Friday, October 29, 2010

Can We Listen?

I got an email yesterday from Sojourners, a Christian social-justice organization.  It began like this:
Dear Candidate, Party Organization, PAC, Super-PAC or any committee that happens to be contributing to the non-stop political ads that have flooded my TV:

Give us all a break! We're sick of the attacks, the innuendos, the outright lies, and the prophecies of doom if the other candidate gets elected; and the same commercials over and over again. There is one week left before the election. Instead of filling the airwaves with noise, how about you give us all a chance to clear our heads and do some thinking? I'm pretty sure you have said everything you have to say and made all the arguments you can make. The only things the negative ads and robocalls are accomplishing at this point are annoying lots of people and wasting lots of money.
And it went on from there.

No one likes negativity, but... there is another side to this.  Sometimes, even in the most negative of attack ads, there is a grain of truth.  Should we reject that truth simply because of the way it's said?  Or can we listen anyway?  Normally, even if we need to look hard, there is truth there.  If truth may be there, I think we ought to pay attention.  I think we always need to look for the truth.

This Sunday (October 31) is Reformation Day, the day that marks the beginning of the Protestant Reformation.  On this day in 1517, Martin Luther posted his "95 Theses on the Power and Efficacy of Indulgences."  Lutherans celebrate this day as a festival of the church yearThis is true even though the church authorities at the time were terribly offended.  Two and a half years after the Theses were posted, and after Luther had written many other criticisms of the church, the following statement came from the Pope:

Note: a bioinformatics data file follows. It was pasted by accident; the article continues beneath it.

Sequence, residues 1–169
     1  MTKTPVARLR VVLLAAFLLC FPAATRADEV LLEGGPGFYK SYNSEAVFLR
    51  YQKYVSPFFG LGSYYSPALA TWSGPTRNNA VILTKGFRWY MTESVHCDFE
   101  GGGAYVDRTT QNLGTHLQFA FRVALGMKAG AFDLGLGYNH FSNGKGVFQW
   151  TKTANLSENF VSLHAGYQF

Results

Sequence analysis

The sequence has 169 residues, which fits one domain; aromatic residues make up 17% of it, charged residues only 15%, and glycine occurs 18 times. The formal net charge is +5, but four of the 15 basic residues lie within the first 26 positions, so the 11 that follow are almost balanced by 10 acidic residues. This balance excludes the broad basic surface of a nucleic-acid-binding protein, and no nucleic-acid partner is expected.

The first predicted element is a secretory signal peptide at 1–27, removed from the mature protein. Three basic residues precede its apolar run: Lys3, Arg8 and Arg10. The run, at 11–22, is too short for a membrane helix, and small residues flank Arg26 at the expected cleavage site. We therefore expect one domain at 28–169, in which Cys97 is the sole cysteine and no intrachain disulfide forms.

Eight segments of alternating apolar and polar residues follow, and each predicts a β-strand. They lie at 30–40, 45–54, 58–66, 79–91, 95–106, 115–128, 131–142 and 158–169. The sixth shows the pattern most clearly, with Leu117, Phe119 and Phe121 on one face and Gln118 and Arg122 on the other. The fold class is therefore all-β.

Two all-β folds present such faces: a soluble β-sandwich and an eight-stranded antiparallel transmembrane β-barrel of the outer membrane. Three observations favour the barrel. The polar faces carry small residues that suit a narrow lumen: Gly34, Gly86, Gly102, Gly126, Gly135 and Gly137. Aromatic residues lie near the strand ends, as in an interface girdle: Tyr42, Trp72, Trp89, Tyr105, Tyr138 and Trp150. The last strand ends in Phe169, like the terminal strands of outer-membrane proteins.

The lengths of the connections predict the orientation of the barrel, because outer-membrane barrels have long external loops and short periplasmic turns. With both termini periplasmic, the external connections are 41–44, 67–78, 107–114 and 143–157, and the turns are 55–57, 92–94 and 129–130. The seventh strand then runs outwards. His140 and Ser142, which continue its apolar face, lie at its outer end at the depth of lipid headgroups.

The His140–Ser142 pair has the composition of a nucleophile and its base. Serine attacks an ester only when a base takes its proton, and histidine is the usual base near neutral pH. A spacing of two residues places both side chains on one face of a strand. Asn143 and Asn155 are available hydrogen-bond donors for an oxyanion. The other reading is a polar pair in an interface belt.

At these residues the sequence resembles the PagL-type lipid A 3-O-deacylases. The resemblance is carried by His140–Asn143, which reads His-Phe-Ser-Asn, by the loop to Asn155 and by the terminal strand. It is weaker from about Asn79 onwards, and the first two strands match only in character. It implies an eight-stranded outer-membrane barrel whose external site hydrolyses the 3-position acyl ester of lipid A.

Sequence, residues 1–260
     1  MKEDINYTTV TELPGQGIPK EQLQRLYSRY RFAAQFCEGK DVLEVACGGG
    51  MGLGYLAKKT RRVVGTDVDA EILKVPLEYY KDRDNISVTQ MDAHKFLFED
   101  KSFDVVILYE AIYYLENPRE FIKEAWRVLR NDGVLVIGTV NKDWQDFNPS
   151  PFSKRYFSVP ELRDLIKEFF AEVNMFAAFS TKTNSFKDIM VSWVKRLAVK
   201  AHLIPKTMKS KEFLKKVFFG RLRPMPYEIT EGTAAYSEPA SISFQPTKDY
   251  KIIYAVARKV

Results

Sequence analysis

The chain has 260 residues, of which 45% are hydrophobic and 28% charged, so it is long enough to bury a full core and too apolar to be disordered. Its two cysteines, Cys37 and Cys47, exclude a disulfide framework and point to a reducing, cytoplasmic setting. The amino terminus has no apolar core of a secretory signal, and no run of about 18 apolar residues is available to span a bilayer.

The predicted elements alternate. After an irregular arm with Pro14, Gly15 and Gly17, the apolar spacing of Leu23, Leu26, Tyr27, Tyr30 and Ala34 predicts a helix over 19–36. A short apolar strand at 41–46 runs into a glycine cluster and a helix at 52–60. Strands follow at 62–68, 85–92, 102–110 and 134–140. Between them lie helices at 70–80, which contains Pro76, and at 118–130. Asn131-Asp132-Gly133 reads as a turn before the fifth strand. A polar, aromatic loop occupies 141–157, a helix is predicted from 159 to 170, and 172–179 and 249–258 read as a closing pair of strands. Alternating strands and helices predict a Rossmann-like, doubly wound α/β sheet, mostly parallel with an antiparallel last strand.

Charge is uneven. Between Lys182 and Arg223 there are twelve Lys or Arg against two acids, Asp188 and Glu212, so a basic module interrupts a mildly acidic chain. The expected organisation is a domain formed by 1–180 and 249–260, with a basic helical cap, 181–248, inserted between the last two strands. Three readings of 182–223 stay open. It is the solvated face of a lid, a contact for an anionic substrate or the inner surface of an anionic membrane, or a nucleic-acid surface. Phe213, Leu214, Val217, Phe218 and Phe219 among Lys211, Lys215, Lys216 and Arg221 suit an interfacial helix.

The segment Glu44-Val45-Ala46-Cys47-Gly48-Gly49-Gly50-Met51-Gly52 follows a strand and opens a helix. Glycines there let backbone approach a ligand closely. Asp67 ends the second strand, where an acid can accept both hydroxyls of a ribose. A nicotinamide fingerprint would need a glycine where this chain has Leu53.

Arise, O Lord, and judge your own cause. Remember your reproaches to those who are filled with foolishness all through the day. Listen to our prayers, for foxes have arisen seeking to destroy the vineyard whose winepress you alone have trod. ... The wild boar from the forest seeks to destroy it and every wild beast feeds upon it....

...Lying teachers are rising, introducing ruinous sects, and drawing upon themselves speedy doom. Their tongues are fire, a restless evil, full of deadly poison. They have bitter zeal, contention in their hearts, and boast and lie against the truth...
And these attacks on Luther's negativity--these complaints against Reformation zeal--they went on from there.

How do you feel when someone makes critical or negative statements?  Many things Martin Luther said were negative!  Remember that as you evaluate what is being said by politicians or those who are debating church issues!  I wonder how much of the Roman Catholic Church's rejection of Lutheran teaching had to do with emotional or protective reactions to criticism.  Could the Roman Catholic Church have reacted differently?  Could the pope have said, "Martin, you make some good points in what you criticize.  Let's talk."

I believe God is calling us to listen to what is said no matter how it's said!  Remember: God's Word is not "nice."  God's Word often comes upon us sinners with fierce purpose.  God's Word is often negative.  God's Word does not leave us alone.  God does provide a way out, but on the way, his word stings and cuts.